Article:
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Portraits of lives lost: Jabulile Hlatshwayo

Maverick Citizen


Portraits of lives lost: Jabulile Hlatshwayo

Jabulile Hlatshwayo & her late stepson Sizwe Hlatshwayo. (Photo: Mark Lewis)

Maverick Citizen is running a series of weekly portraits of those who died and the stories of the loved ones left behind. Harriet Perlman, Darnell Nxumalo and photographer Mark Lewis, have been interviewing families as part of an ongoing memorial and advocacy website.

The inquest into the Life Esidimeni tragedy will resume on 4 October.  It will determine whether there can be any criminal liability for the deaths of 144 mental health care patients who died in the care of the South African public health system. Patients died from neglect, starvation, torture and abuse. The inquest, being held via zoom, is often mired in legal debate and technical mishaps. 

It can be easy to forget that there are people at the heart of this horrific tragedy.  

Their lives and stories matter. The inquest is primarily about their pain, struggle for answers and ongoing fight for justice.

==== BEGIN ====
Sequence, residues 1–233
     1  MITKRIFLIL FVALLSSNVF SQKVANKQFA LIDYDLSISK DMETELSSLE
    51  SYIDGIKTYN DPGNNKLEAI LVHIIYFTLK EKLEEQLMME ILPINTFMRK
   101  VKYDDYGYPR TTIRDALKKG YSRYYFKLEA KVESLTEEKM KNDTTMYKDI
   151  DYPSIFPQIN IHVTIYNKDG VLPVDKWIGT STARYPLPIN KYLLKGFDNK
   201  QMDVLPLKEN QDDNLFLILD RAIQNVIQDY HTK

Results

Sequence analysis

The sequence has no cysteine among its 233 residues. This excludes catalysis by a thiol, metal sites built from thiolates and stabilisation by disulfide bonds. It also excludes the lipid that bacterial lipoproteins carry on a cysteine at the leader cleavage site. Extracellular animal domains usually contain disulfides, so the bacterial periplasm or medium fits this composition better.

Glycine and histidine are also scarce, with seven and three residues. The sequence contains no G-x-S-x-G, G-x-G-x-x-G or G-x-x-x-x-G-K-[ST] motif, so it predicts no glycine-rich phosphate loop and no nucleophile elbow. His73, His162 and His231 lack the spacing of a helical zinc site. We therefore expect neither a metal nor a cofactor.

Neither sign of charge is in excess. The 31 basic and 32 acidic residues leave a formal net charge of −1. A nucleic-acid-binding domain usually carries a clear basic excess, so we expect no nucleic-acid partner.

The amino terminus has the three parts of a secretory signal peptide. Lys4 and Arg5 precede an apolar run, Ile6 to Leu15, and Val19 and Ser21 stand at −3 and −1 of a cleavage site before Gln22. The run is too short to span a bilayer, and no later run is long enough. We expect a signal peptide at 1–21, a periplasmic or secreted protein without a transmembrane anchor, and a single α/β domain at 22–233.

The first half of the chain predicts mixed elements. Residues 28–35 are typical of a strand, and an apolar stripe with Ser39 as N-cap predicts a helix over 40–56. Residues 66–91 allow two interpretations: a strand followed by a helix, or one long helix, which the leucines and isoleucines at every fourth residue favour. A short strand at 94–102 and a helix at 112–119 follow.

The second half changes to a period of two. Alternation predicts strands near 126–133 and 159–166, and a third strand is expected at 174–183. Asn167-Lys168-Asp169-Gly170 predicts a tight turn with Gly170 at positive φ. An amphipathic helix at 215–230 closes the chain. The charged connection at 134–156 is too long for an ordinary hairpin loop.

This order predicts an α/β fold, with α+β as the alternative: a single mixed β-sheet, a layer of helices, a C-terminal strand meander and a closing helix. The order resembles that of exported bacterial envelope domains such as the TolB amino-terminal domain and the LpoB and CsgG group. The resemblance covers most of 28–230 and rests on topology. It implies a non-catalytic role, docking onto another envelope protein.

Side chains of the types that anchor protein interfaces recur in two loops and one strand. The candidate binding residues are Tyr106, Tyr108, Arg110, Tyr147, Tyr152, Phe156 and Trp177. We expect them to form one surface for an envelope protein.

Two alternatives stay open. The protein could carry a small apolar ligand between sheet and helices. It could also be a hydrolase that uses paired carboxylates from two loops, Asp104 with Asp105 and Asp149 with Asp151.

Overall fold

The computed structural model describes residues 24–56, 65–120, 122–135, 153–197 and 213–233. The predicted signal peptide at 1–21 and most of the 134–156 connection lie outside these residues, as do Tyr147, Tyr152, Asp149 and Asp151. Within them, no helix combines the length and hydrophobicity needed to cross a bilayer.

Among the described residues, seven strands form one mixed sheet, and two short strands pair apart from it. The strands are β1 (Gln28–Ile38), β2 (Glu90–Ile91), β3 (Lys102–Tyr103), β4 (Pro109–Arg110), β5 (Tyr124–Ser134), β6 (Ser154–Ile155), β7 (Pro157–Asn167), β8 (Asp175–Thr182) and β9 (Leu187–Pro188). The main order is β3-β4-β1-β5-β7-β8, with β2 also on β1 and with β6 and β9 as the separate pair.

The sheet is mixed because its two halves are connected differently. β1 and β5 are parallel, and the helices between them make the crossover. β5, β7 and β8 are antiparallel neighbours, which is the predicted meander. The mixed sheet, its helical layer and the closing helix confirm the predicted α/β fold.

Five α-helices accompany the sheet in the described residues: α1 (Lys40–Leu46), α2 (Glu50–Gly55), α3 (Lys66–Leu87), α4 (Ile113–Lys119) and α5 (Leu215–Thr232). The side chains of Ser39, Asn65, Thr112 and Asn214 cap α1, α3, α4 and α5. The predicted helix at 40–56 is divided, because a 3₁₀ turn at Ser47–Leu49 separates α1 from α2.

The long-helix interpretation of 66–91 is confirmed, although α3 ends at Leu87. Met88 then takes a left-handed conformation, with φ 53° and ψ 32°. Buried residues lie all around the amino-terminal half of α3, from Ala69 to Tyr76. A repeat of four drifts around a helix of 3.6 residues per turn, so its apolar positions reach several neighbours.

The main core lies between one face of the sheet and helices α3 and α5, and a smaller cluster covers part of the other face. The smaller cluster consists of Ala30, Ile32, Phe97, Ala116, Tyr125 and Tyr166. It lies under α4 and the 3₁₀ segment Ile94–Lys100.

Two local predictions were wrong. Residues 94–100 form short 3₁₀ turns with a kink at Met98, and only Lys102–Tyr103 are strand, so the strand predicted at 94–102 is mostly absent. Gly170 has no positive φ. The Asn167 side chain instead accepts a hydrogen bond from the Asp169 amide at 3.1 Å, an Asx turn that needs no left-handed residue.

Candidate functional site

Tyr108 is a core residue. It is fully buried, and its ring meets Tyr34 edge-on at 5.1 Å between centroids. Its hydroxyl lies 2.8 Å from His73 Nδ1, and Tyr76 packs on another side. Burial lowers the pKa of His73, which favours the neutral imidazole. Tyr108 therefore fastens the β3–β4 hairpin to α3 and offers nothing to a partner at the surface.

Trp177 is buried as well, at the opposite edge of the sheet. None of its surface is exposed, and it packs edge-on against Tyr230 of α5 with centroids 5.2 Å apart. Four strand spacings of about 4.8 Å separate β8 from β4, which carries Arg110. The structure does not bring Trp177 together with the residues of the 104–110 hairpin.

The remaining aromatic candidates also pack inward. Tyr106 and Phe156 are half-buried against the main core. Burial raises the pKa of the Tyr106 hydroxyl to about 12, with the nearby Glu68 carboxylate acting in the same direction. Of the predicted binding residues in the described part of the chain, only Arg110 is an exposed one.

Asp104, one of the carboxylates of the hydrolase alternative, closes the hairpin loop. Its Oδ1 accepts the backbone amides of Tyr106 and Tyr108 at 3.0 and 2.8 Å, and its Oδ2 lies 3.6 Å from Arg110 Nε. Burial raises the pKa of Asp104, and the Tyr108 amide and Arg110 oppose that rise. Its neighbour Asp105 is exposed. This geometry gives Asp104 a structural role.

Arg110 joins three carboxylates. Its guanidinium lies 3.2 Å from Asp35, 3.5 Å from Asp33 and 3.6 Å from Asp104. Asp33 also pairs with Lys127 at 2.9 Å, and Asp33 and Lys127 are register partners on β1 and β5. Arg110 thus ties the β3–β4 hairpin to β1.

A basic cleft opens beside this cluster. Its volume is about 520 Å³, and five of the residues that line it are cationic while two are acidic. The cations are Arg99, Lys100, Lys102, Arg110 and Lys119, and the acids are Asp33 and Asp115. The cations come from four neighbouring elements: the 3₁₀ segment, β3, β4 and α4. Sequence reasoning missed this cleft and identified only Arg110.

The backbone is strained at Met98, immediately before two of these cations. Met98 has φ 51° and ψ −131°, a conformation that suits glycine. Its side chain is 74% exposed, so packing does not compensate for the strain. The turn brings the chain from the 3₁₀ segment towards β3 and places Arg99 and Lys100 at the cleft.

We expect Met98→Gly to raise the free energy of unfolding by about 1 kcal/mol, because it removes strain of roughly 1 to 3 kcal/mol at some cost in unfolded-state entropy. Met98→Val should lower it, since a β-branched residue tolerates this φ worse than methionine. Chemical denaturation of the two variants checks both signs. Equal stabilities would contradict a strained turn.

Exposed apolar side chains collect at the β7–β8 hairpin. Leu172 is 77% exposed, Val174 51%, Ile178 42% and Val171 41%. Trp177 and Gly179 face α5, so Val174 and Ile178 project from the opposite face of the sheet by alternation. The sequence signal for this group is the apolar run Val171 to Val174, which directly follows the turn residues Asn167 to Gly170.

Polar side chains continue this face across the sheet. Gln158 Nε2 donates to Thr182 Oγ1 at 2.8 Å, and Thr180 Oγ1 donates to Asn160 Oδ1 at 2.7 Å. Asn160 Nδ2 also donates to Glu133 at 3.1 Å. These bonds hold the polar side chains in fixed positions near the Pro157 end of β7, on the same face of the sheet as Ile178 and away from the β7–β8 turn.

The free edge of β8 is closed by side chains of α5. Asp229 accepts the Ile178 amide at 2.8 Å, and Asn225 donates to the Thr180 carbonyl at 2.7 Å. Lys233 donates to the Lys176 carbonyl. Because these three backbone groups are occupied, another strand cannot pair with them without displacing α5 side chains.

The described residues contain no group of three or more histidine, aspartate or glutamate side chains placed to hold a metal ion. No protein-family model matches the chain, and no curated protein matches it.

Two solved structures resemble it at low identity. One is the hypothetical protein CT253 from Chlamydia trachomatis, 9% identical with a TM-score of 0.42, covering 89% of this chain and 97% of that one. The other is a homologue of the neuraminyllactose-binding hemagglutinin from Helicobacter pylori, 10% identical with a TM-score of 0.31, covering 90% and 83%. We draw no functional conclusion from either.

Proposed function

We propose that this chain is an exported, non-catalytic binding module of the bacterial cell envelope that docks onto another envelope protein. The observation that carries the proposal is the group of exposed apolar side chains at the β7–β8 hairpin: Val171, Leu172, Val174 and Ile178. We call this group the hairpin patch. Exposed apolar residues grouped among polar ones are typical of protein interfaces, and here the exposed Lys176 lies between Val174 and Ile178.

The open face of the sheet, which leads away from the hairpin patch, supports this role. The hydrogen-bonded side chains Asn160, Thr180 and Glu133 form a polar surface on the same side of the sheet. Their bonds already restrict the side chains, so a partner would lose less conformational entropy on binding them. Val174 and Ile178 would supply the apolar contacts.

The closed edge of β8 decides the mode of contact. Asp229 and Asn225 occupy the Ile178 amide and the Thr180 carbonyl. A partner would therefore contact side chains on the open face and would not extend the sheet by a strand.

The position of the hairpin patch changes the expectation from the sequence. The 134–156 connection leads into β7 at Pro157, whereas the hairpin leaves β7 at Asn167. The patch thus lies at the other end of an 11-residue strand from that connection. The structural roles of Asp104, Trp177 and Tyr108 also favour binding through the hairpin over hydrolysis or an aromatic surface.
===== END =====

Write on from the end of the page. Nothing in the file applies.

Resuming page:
‘I still don’t know how my son died’

Sizwe Hlatshwayo was epileptic and suffered very bad seizures. He was on special medication and needed 24-hour care. He could not speak or feed himself. But what Jabulile, his stepmother, remembers when she looks at this photograph, is how happy Sizwe was. How he loved to sing and dance. “When the drums started to beat, he would get up and dance.”

This photograph was taken on a cultural day at Life Esidimeni Waverley, where he lived happily for 16 years.

“Oh I loved Sizwe with all my heart,” Jabulile says. “I had cared for him since he was three years old.”

Without informing her, the government moved Sizwe to an NGO in Hammanskraal and then Anchor NGO, nearly 100km from where Jabulile lives. He was moved without his medical records or ID book. When Jabulile found him, he was dirty, cold and unhappy. 

“I said to him ‘My boy, mommy will come and take you, so that we can go and stay home.’” She didn’t have enough taxi money to take him back with her that same day.

But Jabulile couldn’t keep her promise to Sizwe. 

On 3 October she got a call from Anchor that Sizwe had passed away. She later found out that he had died three weeks before that.

“I lost a child who was kept at the mortuary for almost a month without me being informed. How are they expecting me to heal, when up to today I don’t know how my son died? I want answers. I want people, like Qedani Mahlangu, to pay for what they did.” DM/MC

To find out more about the Life Esidimeni tragedy and mental health care in South Africa visit


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